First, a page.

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New Texts Out Now: Linda Herrera and Asef Bayat, "Being Young and Muslim"

[Cover of [Cover of "Being Young and Muslim"]

Linda Herrera and Asef Bayat, editors, Being Young and Muslim: New Cultural Politics in the Global South and North. Oxford and New York: Oxford University Press, 2010.

Jadaliyya: What made you write this book?

Linda Herrera and Asef Bayat: Both of us (editors) were involved in studying youth in Muslim majority contexts for a number of years and from different angles. Linda had been working on issues of youth in relation to the cultures and politics of schooling for almost two decades. While at the International Institute of Social Studies in The Hague (2005-2010), she convened the Children and Youth Studies MA specialization and reoriented her research focus to youth and international development. Asef became interested in youth in the late 1990s by studying youth politics in Iran in the context of the reform movement. That interest was extended to understanding everyday politics of the youth in Egypt. When he joined the International Institute for the Study of Islam in the Modern World (ISIM) as director, he initiated a program on cultural politics of Muslim youth.  

Our perspective widened on moving from the Middle East to the Netherlands. We became quickly attuned to the “Muslim youth problem” as articulated in the European context, where Muslim youth are framed as a social problem in highly ideological, oftentimes racist, and gendered ways. In the wake of not only 9/11 but also the 11 March 2004 Madrid train attacks and the 21 July 2005 London subway bombings, young Muslim men, including converts to Islam, are often depicted in public discourses as security threats who are dangerous and prone to extremism. Those whose origins can be traced to Morocco and Turkey are also viewed as economic liabilities—a drain on society’s resources. As for young Muslim women—specifically ones who don head and/or face covers and opt for pious youthhood—they are viewed more as posing threats to the cultural traditions and “core values” of liberal European societies. We wanted to understand the conditions of being young and Muslim within the structural and political economic context in which these young people live and how they negotiate their positions within such structures. We were interested in investigating how they try to carve out new spaces for self-expression and alternative politics.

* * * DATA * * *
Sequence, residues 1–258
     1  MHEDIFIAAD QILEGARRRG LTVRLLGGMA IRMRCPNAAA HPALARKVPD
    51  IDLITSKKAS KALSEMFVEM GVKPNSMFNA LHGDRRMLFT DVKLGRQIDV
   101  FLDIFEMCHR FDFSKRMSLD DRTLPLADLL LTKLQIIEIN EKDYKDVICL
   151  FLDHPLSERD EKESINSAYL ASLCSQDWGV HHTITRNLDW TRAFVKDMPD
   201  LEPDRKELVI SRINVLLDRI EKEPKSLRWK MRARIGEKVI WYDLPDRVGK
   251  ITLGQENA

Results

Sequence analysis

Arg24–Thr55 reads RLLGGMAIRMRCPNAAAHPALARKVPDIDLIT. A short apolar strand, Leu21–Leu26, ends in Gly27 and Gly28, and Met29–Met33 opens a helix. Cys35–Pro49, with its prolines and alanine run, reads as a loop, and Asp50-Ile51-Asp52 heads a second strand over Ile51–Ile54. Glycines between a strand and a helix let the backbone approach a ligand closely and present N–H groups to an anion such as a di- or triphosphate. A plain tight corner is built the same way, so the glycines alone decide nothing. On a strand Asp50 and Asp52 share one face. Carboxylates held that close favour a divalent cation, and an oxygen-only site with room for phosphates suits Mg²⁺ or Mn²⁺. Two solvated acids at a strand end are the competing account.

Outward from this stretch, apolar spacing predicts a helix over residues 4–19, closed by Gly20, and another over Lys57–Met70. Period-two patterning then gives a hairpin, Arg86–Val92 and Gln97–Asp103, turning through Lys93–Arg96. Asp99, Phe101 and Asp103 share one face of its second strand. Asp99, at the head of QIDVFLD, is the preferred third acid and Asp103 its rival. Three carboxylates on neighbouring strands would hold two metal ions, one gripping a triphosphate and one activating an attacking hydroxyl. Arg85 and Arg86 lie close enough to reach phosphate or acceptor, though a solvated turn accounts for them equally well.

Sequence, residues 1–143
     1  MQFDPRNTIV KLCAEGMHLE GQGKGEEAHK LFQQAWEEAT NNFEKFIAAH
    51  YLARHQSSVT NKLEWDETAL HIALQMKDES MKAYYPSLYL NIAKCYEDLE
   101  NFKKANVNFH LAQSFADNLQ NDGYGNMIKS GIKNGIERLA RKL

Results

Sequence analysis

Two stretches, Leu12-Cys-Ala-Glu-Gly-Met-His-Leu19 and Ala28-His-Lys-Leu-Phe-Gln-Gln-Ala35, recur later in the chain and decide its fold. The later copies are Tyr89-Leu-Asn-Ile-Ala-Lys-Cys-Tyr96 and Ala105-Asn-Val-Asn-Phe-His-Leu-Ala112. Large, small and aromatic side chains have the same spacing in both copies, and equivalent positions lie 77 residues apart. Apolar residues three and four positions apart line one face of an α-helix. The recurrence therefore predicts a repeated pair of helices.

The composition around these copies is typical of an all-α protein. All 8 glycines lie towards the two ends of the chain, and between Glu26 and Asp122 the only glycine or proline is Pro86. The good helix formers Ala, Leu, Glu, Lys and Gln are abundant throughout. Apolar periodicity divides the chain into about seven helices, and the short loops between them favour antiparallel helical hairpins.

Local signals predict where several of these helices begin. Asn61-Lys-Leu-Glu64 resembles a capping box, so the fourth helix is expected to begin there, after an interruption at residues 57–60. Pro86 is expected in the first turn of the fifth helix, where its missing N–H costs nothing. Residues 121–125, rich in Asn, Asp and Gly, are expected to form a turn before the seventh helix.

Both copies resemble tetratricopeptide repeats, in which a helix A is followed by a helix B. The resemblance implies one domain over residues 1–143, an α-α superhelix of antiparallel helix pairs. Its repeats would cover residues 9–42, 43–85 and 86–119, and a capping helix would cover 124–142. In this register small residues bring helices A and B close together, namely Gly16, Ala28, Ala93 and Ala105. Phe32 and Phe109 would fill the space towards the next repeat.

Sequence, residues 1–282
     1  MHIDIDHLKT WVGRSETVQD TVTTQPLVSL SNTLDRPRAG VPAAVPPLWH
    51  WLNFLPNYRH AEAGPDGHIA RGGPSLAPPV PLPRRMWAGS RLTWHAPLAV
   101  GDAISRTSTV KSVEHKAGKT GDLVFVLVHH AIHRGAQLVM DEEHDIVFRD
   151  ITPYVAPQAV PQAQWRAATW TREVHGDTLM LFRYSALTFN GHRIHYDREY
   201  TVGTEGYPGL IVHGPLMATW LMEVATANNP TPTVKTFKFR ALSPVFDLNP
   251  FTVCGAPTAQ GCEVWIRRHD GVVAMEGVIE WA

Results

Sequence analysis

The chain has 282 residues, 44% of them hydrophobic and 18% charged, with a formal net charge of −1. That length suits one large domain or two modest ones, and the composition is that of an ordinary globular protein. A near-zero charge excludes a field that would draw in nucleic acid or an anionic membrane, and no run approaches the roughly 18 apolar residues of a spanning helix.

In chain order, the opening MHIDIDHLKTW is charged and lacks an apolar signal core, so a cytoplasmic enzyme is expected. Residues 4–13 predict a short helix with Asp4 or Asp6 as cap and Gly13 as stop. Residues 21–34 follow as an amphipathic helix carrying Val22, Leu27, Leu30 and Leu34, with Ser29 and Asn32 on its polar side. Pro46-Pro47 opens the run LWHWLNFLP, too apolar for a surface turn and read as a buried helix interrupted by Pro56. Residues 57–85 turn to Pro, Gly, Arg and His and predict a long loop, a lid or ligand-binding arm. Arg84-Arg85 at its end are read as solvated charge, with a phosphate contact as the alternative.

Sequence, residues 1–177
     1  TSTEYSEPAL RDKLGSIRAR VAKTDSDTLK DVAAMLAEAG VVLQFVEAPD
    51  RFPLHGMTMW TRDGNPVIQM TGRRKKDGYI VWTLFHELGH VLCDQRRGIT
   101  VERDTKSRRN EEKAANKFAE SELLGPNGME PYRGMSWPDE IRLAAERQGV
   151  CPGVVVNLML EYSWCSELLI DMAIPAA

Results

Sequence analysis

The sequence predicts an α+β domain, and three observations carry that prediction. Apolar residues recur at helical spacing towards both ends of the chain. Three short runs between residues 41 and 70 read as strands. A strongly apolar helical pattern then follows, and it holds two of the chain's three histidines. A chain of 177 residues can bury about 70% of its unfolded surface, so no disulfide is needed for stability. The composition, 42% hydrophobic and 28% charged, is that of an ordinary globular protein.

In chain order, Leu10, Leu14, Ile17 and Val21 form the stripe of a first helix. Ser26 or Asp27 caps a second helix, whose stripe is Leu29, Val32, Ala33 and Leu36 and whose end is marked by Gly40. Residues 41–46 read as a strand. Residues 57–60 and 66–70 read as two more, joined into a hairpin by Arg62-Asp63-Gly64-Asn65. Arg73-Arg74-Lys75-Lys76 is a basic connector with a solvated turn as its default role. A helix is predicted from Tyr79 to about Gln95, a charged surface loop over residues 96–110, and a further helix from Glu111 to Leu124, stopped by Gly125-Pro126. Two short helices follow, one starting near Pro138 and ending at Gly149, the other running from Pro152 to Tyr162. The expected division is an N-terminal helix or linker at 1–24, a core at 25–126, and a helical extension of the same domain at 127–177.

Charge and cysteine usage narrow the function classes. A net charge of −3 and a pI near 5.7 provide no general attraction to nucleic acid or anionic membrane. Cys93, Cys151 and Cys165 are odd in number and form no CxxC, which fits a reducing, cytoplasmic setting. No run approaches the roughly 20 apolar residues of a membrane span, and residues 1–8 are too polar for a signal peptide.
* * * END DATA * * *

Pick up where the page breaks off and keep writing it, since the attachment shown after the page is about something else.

J: What particular topics, issues, and literatures does it address?

LH and AB: The book interrogates the trajectories, conditions, and choices of Muslim youth in the current post-9/11, neo-liberal, connected global era. Our interest began with the Middle East and Europe, but expanded to cover Africa and Asia as we have witnessed how Muslim youth, as a global category, have been thrust in different ways onto a world stage in relation to questions about security and extremism, work and migration, and rights, citizenship, and multiculturalism.

The book is divided into five sections to allow for the exploration of different dimensions of the cultures and politics of Muslim youth: “The Politics of Dissent”; “Livelihoods and Lifestyles”; “Strivings for Citizenship”; “Navigating Identities”; and “Musical Politics.” The chapters demonstrate that while the majority of young Muslims share many common social, political, and economic challenges, they exhibit remarkably diverse responses to them. Far from being "exceptional," young Muslims often have as much in common with their non-Muslim global generational counterparts as they share among themselves.

J: How does this work connect to and/or depart from each of your previous research and writing?

LH and AB: Linda had previously been working from a vantage point of the critical ethnography of schooling and international educational development.  With this work, her focus shifted to youth rather than formal education, though it still probes the critical questions from earlier research dealing with globalization, citizenship, agency, and equity. The book has also provided the opportunity to move outside a regional perspective of the Middle East and North Africa, to a more global orientation.  

Asef, since the 1980s, had been exploring the politics of various social groups, beginning with the industrial workers in the Iranian revolution of 1979. Since the 1990s, he has been working on Middle Eastern social movements (such as Islamism and post-Islamism) as well as on “non-movements” (including the urban poor, and Muslim women). Delving into the social and political life of Muslim youth became a natural progression of this trajectory.


[Egyptian youth in Tahrir Square. Photo via Google Images.]

J: Who do you hope will read this book, and what sort of impact would you like it to have?

LH and AB: We hope students who are keen to understand youth driven political and cultural movements in a global era, generational change in a period of late neoliberalism, and how youth became so instrumental in the current Arab revolts will read this book. The book should also have resonance for students more generally of Middle East studies, development studies, sociology, anthropology, cultural studies, African studies, and youth studies. We also hope that this volume will appeal to policy makers whose work touches and potentially influences the lives of young people.